Mochi pounding at 2016 Japanese New Year’s Mochitsuki, photo courtesy of James Tokishi
Updates will be on our FB page: https://www.facebook.com/tucsonmochi/, with event schedule, listing of numerous Japanese restaurant door prizes, performers. Come watch co-sponsor Odaiko Sonora perform their lively taiko drumming.
Entire film schedule of 40 independent films listed at:
PASSES ON SALE NOW! General: $125 | Loft Members: $100
“Passholders will have priority seating and a guaranteed seat 20 minutes prior to all screenings in Screen 1. Passholders who want to attend a screening in Screen 3 are asked to get a free ticket at the box office to guarantee a seat.
Member-level passes are available to current Loft Cinema members only. If you select the member-level pass, your information will be cross-checked against our records. One pass per member. Passes are non-transferable, and may be used by one person only. Passes will be available for pick-up at the box office starting November 9. Passes will not be mailed and must be picked up by the purchaser or giftee (matching ID required). Questions? Contact us at 520-322-5638, or email@example.com”
Loft Cinema is at 3233 E. Speedway Blvd. in Tucson, Arizona.
Carolyn’s note: My group the Southern Arizona Japanese Cultural Coalition is a Community Partner for two Japanese films showing in this fest: “After the Storm” on Nov. 10, and “Creepy” on Nov. 11. Check out the trailers for both films on the Loft’s website.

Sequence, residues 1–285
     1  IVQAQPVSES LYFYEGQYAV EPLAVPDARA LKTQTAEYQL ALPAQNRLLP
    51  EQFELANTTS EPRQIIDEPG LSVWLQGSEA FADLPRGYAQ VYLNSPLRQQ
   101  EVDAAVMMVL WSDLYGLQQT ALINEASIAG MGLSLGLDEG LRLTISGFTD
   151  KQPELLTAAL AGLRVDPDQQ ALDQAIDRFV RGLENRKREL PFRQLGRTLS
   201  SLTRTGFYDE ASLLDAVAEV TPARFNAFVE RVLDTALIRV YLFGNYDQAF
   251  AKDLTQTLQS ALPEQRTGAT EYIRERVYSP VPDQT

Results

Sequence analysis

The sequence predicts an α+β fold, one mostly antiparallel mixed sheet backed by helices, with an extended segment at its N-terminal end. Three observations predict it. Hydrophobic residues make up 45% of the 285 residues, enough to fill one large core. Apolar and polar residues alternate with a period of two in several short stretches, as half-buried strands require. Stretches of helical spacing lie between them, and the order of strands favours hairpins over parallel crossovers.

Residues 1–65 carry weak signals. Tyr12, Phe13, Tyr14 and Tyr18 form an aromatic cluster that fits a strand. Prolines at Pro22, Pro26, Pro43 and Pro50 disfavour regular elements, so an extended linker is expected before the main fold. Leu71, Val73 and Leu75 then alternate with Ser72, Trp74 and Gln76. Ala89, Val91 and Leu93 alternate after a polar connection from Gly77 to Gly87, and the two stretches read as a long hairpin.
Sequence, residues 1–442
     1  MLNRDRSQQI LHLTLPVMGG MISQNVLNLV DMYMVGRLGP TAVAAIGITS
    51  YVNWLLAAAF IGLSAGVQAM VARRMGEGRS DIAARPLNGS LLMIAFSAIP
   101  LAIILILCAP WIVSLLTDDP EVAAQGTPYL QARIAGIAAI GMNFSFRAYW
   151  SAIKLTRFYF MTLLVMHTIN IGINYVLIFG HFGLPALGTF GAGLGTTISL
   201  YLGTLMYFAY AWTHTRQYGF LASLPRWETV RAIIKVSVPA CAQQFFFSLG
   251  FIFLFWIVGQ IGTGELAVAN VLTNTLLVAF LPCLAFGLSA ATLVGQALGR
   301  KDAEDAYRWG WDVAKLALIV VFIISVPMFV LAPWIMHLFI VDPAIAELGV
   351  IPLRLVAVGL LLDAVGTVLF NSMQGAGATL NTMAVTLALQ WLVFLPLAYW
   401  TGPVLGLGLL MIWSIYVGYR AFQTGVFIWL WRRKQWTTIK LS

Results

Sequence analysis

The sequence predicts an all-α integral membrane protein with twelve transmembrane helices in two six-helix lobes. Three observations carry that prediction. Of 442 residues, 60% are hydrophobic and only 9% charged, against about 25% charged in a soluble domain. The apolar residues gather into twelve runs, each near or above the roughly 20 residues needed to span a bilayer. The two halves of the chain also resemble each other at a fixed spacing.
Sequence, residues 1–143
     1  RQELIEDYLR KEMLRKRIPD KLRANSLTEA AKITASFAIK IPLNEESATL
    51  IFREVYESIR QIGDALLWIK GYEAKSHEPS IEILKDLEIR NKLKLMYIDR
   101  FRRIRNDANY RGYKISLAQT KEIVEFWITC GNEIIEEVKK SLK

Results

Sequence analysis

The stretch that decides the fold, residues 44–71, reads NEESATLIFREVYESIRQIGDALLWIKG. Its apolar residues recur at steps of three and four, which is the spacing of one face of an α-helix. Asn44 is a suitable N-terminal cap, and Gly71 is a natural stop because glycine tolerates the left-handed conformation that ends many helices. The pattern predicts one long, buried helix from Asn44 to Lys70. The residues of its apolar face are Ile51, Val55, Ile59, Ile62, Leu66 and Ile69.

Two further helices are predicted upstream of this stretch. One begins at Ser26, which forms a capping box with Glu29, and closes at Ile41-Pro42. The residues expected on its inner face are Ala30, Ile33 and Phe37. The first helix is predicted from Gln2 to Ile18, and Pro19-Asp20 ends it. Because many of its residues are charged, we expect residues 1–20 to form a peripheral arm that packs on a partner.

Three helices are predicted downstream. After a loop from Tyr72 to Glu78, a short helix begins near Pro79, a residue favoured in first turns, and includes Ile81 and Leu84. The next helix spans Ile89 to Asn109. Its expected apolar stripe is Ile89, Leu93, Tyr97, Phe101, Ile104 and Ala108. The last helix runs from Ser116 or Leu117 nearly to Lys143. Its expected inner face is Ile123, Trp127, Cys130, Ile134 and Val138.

See you at the movies.
Retired East Asian Professor Min Yanagihashi has written a paper entitled “Japanese Americans in Hawaii: Acculturation & Assimilation” about the toils and triumphs of the hard working Issei (1st generation immigrants), Nisei (2nd generation born in Hawaii), and us Sansei (3rd generation), Yonsei (4th generation), etc. Find out more by attending an informative upcoming panel discussion on Nov. 3rd, from 6 to 8 p.m. at Himmel Park Library, 1035 N. Treat Ave.
I grew up in Hawaii, after my grandparents emigrated from Japan in 1892 and 1910 to become indentured sugar plantation workers. My parents were born there in the Trust Territory of Hawaii, as U.S. Citizens. Yet my father Francis Sueo Sugiyama was discriminated against following the attack on Pearl Harbor, because of his race –expelled as a dental student by the University of Southern California. He fled to Chicago and avoided the mass internment, but got admitted to the University of Md. Dental School and finished his degree, years later. He then returned to Hawaii and practiced dentistry & orthodontics on the Big Island of Hawaii for 30 years.
Posted in Carolyn Classen, Community, Tucson
Tagged "Japanese Americans in Hawaii: Acculturation and Assimilation", Carolyn Sugiyama Classen, Crystal Akazawa, Evelyn Yanagihashi, Francis Sueo Sugiyama, hawaii, James Tokishi, Japanese Americans in Hawaii, Min Yanagihashi, Naomi Okumura Story, Southern Arizona Japanese Cultural Coalition